When employees feel uninspired, they don’t think about how to improve the systems at their facility. They aren’t interested in sharing their great ideas, and they don’t care about really engaging their clients. They show up, do their jobs and put in just enough effort to mitigate performance issues, but they don’t extend themselves any further. You have to remind them to smile when they’re greeting members and remind them to call clients by name. Their bodies show up for work, but their hearts and souls are missing.
Does this sound familiar? Did your team begin with high hopes, only to settle into a culture of “What’s in it for me?” Are your attempts to remedy the situation being met with resistance? The fitness facilities that will survive this slow economic recovery know how to engage their people—a process that begins internally.
No one really knows the secret recipe for building a highly functional and productive team. If it were that easy to bring the right people together, every sports team would have the perfect mix of players. There are just too many variables to consider when you combine different personalities. There are, however, three elements that are consistently part of the mix:
- People want to work for an organization that genuinely cares about them.
- Employees stay engaged when their manager takes the time to help them continue to grow in their roles.
- Staff members want to feel as if they are contributing to a greater cause, which gives their work meaning and purpose and builds a sense of community.
In this four-part series on team development, you will learn how to build your own high-performance team by implementing these three elements. Let’s begin by focusing on building rapport.
We all share one simple need: to be loved. In a work environment, caring and recognition fulfill this basic human need. You can show people that you care by recognizing them for their efforts and appreciating them. If you ignore this, people mentally and emotionally disengage.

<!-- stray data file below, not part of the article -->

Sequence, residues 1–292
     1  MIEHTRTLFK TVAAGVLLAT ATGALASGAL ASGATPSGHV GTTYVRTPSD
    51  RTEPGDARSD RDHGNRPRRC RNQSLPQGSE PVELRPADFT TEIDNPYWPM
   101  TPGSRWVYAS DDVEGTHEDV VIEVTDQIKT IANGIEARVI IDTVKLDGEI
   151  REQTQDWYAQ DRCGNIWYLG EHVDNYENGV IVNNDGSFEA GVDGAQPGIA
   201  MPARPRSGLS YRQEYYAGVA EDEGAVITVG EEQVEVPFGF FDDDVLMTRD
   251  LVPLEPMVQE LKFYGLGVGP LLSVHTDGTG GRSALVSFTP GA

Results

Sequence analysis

Have you ever felt like you were just another cog in the wheel? Or did you ever take the initiative on a project, only to be shot down or simply not recognized? Did being treated that way make you feel like trying again? Perhaps the first time it happened, you didn’t let it bother you. But what about the second, third or fourth time? You likely reached a point where you’d had enough disappointment, so you mentally checked out.
The above scenario applies to the people who work for you as well. Unless you show your team that you care and want to recognize them for their accomplishments, you may end up leading people who have checked out. To help you gauge who’s still in the game and who’s sitting on the bench, ask yourself these simple questions:
- When was the last time someone on your team took the initiative to go beyond expectations?
- During a staff meeting, does everyone actively participate and contribute ideas?
- Do you hear rumors that the staff get together after meetings to discuss issues they didn’t feel comfortable bringing up with the group as a whole?
- Do people on the team take time to recognize each other for a job well done—without prompting from management?